While in the military for three years, he performed on piano and saxophone. Afterward, he earned a bachelor’s degree in jazz composition from the New England Conservatory of Music in Boston and decided to settle in New York because of the jazz opportunities.

With diverse interests, Lev-Ari established a record label, Anzic Records, with Anat Cohen, a friend since high school. The label releases their projects and the work of others. 

“The impetus to creating the label was to keep complete control and ownership over our music, which is both an artistic and a business goal,” said Lev-Ari, who occasionally performs for the congregation at B’nai Jeshurun in New York City. “I learned a lot about how business is operated and conducted, and that’s a net positive.”

Another interest is studying the way music is perceived. He works with neuroscientist Beau Lotto, first paired in a performing arts program by presenter NationalSawdust+ in Brooklyn.

“The truth is the way we experience music has to do with environmental and biological aspects,” Lev-Ari said. “One of the best examples is that musicians know different halls of various sizes will have an effect on how fast or slow they play a piece. You tend to play a piece slower in a bigger hall where there’s a lot of reverberation.”

While work slowed during the pandemic, Lev-Ari returned to piano performance digitally to accompany his wife, jazz singer Amy Cervini. The programs originated in their living room and may continue depending on how quickly they return to their usual commitments. 

Their favorite number was a version of “New York, New York,” which they purposely did in a very different style from the upbeat approach made a hit by Frank Sinatra.

Two projects are moving Lev-Ari away from the pandemic limitations. He is composing numbers for The Three Cohens — clarinetist and saxophonist Anat and her brothers, trumpeter Avishai and soprano saxophonist Yuval. He also is preparing a program for a German big band.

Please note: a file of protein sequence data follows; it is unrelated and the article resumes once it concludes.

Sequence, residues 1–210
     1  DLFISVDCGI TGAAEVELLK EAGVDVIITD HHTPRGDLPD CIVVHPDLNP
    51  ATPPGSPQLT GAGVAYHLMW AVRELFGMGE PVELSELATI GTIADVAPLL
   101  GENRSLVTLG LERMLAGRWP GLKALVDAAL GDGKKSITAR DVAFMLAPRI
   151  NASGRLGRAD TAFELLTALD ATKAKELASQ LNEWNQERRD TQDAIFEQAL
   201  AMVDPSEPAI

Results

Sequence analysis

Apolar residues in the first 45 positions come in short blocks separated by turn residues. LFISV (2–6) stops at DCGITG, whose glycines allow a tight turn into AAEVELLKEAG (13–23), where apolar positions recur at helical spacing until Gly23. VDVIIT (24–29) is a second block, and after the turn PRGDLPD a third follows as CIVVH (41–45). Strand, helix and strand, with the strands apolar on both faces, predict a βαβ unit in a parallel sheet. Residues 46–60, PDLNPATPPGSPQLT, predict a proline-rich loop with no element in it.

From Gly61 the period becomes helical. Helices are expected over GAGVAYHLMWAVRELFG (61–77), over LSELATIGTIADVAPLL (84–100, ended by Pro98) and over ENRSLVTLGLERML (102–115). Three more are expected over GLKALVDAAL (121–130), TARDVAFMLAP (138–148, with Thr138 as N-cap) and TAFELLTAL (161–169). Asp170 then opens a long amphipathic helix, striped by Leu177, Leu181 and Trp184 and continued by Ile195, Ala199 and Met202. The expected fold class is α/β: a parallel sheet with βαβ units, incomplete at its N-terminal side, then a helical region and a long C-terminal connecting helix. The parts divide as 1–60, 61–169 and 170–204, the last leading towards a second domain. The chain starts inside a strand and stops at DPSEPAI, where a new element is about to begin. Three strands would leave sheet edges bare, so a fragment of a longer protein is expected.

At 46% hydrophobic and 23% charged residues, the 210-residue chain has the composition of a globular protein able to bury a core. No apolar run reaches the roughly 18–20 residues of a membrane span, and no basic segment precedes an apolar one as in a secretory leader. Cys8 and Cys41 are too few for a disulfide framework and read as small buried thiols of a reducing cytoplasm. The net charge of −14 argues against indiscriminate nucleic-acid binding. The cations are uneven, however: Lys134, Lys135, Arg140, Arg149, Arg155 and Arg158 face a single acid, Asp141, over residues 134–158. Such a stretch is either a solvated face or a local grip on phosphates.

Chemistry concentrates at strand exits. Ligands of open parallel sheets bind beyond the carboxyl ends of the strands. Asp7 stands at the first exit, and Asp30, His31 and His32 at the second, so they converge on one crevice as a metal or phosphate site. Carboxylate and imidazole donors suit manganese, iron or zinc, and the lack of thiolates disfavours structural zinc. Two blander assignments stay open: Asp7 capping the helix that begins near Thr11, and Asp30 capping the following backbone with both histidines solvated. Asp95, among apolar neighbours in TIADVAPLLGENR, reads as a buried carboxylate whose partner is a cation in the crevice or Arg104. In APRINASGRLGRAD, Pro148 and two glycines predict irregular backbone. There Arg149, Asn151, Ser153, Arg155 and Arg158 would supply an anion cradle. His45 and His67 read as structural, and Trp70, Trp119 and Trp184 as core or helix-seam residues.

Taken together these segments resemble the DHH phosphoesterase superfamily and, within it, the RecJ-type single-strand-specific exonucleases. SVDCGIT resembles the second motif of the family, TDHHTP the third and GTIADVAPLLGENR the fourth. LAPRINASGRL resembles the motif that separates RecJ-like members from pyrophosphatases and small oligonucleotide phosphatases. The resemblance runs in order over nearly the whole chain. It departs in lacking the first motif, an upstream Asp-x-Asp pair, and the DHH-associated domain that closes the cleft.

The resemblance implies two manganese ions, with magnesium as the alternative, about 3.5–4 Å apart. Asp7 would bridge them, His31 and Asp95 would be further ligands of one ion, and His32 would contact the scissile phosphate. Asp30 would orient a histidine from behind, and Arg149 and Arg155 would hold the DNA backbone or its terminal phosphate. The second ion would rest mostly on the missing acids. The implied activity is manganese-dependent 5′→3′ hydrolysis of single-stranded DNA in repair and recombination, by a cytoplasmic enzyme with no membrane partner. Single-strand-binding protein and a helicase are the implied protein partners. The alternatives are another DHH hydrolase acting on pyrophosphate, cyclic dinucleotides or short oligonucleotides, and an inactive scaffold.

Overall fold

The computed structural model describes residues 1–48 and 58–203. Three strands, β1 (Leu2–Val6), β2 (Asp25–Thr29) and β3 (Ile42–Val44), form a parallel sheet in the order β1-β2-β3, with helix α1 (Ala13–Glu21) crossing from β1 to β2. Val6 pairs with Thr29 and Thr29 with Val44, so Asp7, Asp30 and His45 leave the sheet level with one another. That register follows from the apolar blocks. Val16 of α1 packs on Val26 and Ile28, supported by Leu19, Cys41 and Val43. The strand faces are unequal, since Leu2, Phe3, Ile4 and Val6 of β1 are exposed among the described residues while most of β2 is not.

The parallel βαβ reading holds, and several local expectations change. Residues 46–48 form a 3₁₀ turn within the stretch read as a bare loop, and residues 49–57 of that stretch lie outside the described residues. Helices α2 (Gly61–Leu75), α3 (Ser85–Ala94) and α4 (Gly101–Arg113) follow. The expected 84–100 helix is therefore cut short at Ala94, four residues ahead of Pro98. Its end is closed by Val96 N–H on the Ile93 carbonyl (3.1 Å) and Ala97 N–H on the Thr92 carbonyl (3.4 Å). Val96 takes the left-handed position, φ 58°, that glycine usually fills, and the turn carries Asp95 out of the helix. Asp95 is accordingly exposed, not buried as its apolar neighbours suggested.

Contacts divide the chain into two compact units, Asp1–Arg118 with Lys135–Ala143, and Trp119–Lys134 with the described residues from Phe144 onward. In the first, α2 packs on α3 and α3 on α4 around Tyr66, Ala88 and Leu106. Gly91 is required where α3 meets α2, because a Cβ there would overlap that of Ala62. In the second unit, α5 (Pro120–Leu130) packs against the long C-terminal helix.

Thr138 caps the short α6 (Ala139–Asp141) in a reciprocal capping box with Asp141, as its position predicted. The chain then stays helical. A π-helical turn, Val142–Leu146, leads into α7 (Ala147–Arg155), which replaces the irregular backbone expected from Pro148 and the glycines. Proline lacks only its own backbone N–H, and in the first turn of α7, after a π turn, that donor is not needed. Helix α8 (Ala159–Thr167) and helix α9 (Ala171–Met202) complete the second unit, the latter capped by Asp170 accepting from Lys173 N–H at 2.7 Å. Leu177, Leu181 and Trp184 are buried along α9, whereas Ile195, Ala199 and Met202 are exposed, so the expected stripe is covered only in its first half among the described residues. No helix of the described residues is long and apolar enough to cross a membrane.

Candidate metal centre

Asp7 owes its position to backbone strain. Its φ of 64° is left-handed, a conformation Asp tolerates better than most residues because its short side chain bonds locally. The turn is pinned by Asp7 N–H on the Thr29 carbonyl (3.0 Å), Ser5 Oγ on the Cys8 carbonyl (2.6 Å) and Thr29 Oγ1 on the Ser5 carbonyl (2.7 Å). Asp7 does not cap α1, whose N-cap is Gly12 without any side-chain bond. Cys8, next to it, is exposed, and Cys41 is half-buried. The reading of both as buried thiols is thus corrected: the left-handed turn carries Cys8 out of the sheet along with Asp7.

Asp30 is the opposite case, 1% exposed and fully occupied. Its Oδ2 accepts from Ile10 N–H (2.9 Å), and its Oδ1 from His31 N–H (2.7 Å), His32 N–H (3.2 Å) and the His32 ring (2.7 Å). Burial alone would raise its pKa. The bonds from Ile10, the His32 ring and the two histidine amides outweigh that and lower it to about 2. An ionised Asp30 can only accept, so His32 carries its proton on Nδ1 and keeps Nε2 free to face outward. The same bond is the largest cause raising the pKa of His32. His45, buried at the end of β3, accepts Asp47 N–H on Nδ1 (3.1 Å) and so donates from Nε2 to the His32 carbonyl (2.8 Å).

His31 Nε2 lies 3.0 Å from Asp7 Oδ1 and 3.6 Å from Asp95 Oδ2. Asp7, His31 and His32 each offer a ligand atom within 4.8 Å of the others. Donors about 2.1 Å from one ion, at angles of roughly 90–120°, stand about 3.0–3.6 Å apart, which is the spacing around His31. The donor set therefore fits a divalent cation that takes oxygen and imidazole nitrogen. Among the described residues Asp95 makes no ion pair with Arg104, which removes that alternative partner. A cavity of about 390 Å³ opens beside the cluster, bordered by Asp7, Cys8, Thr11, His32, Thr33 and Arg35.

The Detroit Jazz Festival runs Friday-Monday, Sept. 3-6. The Anat Cohen Tentet will perform 4-5:05 p.m. Sunday, Sept. 5. To get the livestreaming schedule, go to detroitjazzfest.org. 

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Suzanne Chessler’s writing-editing career has spanned many years, and her articles have been featured in secular and religious publications across the state and around the country. There was a period of time when she maintained three regular columns in three different publications – one appearing weekly to spotlight metro volunteers, another appearing weekly to profile stage enthusiasts in community theater and a third appearing bimonthly to showcase upcoming arts programs. Besides doing general reporting, she has had continuing assignments involving health, monetary subjects and crime. Her award-winning work builds on majors in English-speech and journalism earned at Wayne State University, where instructors also were writers-editors on Detroit’s daily newspapers.